Academics and students tend to subscribe to certain dominant ideological paradigms, the assumptions which underlie them, and the conclusions those assumptions lead them to. Given that universities, particularly local universities, have turned into knowledge factories preferring unconditional acceptance to critical thinking, false paradigms and analogies get perpetuated easily. They get embedded in school curricula, public forums, and of course the public sphere: as much in the lecture hall as in parliament.

Most of these paradigms delve into what the best way forward for the country should be, economically and politically, or what it should not be. For instance, the Vehicle Importers’ Association of Sri Lanka in a recent letter to the President cautions him against the belief that local manufacture and assembly is the answer to Sri Lanka’s mounting debt and foreign exchange crisis. The reason, whoever wrote that letter avers, is that the process “does not add any value to the country’s economy and is merely designed for tax evasion and higher profit margins.” Further, it warns that “setting up a vehicle manufacturing plant is a lengthy process with extensive planning and research and development.”

This is more or less a rehash of the line that advocates of free markets and free trade take up. The 2021 Budget, with its emphasis on import restrictions and concessions to local businesses, including manufacturers, compelled the same response from these advocates in Parliament. According to them, it favours import substitution over export orientation, cuts the country from the benefits of free trade, and isolates it from the rest of the world. The one leads to the other: if we manufacture locally, we lose out on trade. If we lose out on trade, we lose out on everything. Ergo, we mustn’t think or go local.

Intellectuals and commentators, especially in (but not necessarily limited to) the English language media, tend to extol the virtues of free markets and the evils of state-led growth. They seem to think that Sri Lanka for the most has been caving into the latter paradigm: the state has widened at the expense of the private sector. The solution, according to pundits and analysts, is to let the market decide, and to limit the government to the role of what Robert Nozick called a “Night-watchman”, formulating the rules of the game (the economy) without playing it (intervening in the workings of the economy). These pundits and analysts then point at societies that supposedly prospered under a night-watchman state: the Tiger economies of East Asia, the US, and Western Europe.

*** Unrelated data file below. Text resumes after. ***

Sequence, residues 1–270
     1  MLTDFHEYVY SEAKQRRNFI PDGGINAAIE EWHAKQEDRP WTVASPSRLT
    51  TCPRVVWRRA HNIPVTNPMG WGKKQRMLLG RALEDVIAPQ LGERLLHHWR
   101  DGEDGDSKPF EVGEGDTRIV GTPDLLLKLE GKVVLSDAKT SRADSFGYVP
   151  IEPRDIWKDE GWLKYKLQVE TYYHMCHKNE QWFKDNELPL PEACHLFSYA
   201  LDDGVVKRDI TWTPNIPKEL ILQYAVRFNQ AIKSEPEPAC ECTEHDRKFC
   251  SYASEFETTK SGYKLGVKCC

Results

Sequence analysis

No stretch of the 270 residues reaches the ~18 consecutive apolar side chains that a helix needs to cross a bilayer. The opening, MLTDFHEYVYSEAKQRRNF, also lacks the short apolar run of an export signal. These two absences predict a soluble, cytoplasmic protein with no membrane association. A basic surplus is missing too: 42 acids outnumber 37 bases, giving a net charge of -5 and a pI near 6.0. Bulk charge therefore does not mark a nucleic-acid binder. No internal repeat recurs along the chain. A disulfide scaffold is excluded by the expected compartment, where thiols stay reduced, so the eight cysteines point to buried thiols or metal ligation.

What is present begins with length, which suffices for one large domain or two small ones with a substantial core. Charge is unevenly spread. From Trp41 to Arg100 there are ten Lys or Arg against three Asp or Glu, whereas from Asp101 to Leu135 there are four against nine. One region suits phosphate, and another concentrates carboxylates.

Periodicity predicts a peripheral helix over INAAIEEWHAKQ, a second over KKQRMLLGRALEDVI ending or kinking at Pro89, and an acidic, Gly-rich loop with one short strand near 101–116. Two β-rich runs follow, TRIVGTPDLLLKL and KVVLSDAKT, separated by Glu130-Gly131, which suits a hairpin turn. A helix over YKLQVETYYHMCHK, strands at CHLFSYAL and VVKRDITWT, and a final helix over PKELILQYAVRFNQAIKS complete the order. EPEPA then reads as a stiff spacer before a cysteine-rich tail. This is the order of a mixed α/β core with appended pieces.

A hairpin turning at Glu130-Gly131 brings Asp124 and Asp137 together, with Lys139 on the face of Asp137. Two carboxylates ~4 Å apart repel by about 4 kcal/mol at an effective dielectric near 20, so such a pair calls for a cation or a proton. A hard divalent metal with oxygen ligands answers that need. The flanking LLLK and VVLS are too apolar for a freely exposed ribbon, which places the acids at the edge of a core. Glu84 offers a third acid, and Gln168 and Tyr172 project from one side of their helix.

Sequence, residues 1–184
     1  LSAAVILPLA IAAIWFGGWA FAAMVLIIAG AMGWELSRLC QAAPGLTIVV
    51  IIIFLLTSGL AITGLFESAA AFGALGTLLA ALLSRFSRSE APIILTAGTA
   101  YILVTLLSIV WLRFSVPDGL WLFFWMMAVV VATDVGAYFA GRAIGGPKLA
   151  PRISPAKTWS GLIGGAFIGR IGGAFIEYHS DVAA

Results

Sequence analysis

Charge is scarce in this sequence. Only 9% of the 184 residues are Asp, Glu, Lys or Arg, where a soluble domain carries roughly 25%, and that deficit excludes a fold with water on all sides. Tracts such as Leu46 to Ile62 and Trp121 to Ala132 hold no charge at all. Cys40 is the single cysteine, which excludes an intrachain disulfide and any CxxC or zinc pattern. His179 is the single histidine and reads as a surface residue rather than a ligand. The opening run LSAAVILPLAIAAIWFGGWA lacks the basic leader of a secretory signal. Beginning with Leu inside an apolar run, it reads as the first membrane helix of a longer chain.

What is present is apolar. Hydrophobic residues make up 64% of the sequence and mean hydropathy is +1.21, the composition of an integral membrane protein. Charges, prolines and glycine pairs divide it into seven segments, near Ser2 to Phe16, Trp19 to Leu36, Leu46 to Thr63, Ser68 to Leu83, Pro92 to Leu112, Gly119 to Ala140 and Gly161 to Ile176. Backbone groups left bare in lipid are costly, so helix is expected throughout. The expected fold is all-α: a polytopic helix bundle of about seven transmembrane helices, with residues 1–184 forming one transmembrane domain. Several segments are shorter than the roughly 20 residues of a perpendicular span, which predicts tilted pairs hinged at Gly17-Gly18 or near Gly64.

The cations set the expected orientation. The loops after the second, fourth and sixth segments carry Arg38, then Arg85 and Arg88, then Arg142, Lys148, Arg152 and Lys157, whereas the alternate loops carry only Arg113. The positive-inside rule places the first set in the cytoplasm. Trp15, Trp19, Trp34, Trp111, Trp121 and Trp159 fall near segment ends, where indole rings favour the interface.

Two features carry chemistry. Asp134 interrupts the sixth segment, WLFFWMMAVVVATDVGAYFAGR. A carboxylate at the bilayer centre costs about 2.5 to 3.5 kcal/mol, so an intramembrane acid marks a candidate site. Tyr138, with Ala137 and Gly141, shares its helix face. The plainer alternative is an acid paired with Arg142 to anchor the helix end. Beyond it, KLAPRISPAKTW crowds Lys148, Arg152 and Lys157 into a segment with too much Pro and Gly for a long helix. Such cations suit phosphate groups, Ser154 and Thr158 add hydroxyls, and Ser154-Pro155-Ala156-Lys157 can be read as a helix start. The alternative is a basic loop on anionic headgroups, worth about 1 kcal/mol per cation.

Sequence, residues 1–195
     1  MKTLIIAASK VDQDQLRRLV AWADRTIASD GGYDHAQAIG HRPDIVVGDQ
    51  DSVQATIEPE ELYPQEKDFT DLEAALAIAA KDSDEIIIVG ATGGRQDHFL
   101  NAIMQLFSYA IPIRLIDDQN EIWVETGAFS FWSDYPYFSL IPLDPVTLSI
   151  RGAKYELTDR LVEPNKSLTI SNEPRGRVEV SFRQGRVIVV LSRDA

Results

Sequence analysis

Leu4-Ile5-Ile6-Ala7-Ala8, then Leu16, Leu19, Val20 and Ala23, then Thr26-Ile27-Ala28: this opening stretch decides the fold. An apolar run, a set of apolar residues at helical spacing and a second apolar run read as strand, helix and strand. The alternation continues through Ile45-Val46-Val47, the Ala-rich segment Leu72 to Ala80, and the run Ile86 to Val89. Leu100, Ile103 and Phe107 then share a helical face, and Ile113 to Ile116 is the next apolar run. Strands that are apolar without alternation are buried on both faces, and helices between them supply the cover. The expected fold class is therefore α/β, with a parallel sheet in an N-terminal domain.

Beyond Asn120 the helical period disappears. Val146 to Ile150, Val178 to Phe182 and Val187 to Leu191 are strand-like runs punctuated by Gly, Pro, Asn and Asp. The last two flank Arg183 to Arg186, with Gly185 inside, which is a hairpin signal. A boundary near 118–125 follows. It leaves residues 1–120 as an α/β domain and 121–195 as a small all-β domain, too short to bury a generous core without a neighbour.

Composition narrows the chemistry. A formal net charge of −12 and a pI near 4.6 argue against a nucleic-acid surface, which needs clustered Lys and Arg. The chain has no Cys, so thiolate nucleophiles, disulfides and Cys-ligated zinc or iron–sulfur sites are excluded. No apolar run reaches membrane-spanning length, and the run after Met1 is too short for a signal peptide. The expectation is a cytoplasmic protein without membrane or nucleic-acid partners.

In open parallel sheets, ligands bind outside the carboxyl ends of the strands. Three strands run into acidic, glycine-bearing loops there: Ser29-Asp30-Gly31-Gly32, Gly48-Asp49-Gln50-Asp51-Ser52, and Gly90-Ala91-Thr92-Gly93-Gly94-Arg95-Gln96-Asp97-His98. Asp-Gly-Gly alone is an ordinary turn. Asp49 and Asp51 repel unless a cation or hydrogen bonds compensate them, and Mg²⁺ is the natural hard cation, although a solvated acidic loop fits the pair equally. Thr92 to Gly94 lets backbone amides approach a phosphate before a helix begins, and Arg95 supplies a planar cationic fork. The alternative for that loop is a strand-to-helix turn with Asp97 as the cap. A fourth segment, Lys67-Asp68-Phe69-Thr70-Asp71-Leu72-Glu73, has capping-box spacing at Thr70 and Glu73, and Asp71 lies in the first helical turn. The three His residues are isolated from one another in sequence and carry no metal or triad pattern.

Now quite a lot of people believe this. They accept it as patently obvious: a tautology which, if denied, would lead to a contradiction. British philosophers of the 18th century made a distinction between two kinds of statements: “All thieves are criminals” and “Richard is a thief.” The first is self-evident: to deny it would be to defy logic. In other words it exists a priori: you know it’s true even if you don’t try to prove it. The second is not self-evident: you need empirical evidence to test its validity. Such statements of opinion require proof before one can know whether they are true or false. In the social sciences as in the hard sciences, then, critical analysis and logical reasoning are absolutely indispensable.

Unfortunately, much of the hype surrounding advocacy of free market principles and small government is built on a self-evident premise: people believe economic liberalisation will lead to growth, so they think it should be implemented in the country. Import tariffs must be reduced or preferably eliminated, export-orientation must replace import-substitution, let’s not think of local industrialisation or machine-manufacture yet because we’re an island, and let’s reduce the role of the state because, after all, in the US, Britain, and East Asia, it played a minimal role. Ignored in the emphasis on the success of the latter countries is the specificity of their historical experience.

Countries are not all endowed with the same levels or the same kinds of resources. Nor do they magically transit to free markets and small governments. To say economic liberalisation worked there and that owing to it these principles must be applied here is to assume that all it takes for a country to prosper is the implementation of policies to which those countries which are supposedly implementing them now resorted only after they had passed through certain stages. This assumption, quoting the late S. B. D. de Silva, is “a veritable non-sequitur of bourgeois scholarship.” Taking the earlier argument into consideration, such assumptions are paraded as tautologies when in fact they are not. What is missing from the argument, in other words, is the same thing its proponents accuse the other side, i.e. the Big Government protectionist lobby, of lacking: reasoned, analytical judgement.